The lives of a quartet of NYC teens are upended after a robbery goes wrong.
Directed by Ernest Dickerson
Starring Omar Epps, Tupac Shakur, and Jermaine Hopkins
Review by Jon Kissel
Into the canon of movies that could only be directed by a black person, we welcome Juice. This film requires a level of lived-in experience, sure, but it also takes such wild and potentially stereotypic swings with its characters, that a white director taking those same swings would generate a lot of controversy. As the directorial debut of Ernest Dickerson, Spike Lee’s former classmate and cinematographer, Juice starts as one movie and becomes something wildly different. Though both halves work independent of each other, the connective thread uniting the two is frayed and weak. Perhaps most notable for serving as the acting debut of Tupac Shakur, Juice contains a lot of promise both in front of and behind the camera, but it needed the most work on the page.
A surprisingly appropriate movie for the immediate moment, Blue Chips scratches the surface of an exploitative and racially divided system, but falls into a familiar trap. The great William Friedkin can’t direct a film that contains the backing of the NCAA and fully indict the system it profits from. Blue Chips is plagued by half measures, doubly so because it’s apparent what the film wants to say and pulls its punches anyway. That’s not to say that there isn’t an entertaining film here. Friedkin gets plenty of mileage out of a cast loaded with non-professionals, while also turning Nick Nolte loose for a wild performance in the lead. Blue Chips gets the feel of the thing that it’s about correct, even if it doesn’t analyze it as sharply as it could.
Bong Joon-ho is a kind of South Korean jack-of-all-trades, in that his movies defy easy classification. His contemporaries are more easily put into boxes, between the psycho-sexual extremity of Park Chan-wook or the mysterious morality plays of Lee Chang-dong or the low-key romance of Hong Sang-soo. Bong is all over the place, often within the same film. His breakout film, Memories of Murder, is a police farce, a ground-level satire, and a deadly serious serial killer chase. He followed that with a comedic monster film, a murder mystery, a post-apocalyptic class metaphor, and an ET-homage, if the government had been trying to eat ET. By being unpredictable for so long, the unpredictability has become his trademark. Wherever a Bong Joon-ho film starts, it’s never clear where it’s going to end. This remains true for his latest and most impactful film, Parasite. The first foreign-language Best Picture winner, Parasite has also ridden a wave of ecstatic critical acclaim, and perhaps recency bias, to feature heavily on end-of-decade lists, all while making a tremendous amount of money over its modest budget. Like all of Bong’s other films, Parasite doesn’t quite fit with what’s come before, but that dissonance doesn’t stop it from being an enthralling exploration of class in a package that is wound like clockwork.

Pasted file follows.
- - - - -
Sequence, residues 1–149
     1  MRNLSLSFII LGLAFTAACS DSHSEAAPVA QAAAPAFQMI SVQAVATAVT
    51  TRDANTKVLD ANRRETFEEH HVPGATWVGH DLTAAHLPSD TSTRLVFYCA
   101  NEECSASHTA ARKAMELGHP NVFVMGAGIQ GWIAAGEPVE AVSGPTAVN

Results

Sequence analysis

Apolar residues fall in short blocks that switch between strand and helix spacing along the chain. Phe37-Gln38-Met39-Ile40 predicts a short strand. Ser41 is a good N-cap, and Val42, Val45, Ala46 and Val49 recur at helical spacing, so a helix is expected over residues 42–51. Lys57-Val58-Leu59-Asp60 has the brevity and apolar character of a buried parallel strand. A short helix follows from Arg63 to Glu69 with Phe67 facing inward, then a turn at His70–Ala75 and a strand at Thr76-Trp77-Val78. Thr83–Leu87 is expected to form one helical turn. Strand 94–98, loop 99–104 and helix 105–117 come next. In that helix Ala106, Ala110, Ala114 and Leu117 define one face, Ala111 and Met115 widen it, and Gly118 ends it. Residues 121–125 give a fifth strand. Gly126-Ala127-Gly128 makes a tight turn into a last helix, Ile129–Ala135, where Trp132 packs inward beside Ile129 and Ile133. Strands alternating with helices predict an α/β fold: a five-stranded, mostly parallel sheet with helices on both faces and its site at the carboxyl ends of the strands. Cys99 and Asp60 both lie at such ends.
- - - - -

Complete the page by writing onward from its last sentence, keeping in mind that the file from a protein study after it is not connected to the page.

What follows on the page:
Childhood friends turned filmmakers Jimmie Fails and Joe Talbot pour their heart and soul into their debut feature, The Last Black Man in San Francisco. Both natives of the titular city by the bay, Talbot directs and Fails stars in this autobiographical story of gentrification and mythmaking. The former unites the film with similarly themed and located 2018 entries like Sorry to Bother You and Blindspotting, but it’s the latter that infuses Last Black Man with a bittersweet romanticism and separates it from the anger of those other films. This is a lament instead of a screed, and it effectively communicates what’s at stake and what’s being lost.
My fraternity experience was valuable in a social, confidence-building, test of skills kind of way, but I never checked an ATM balance after I joined and found my account had mysteriously added a few zeroes. I could’ve got a cherry ride out of it, too, if only I had joined the Skulls, a riff on the Yale secret society that was in the news at the time of the film’s release thanks to generations of Bush family membership. Big-budget schlock director Rob Cohen attempts to mine some cultural criticism out of the aristocratic odor wafting off these kinds of elite organizations, but he surrenders to the impulses he would fully give himself over to in Stealth and The Mummy: Tomb of the Dragon Emperor. Why make a compelling drama about class when a car chase set to late 90’s dirtbag rock will suffice?
JUST SOME IDIOTS GIVING SURPRISINGLY AVERAGE MOVIE REVIEWS.
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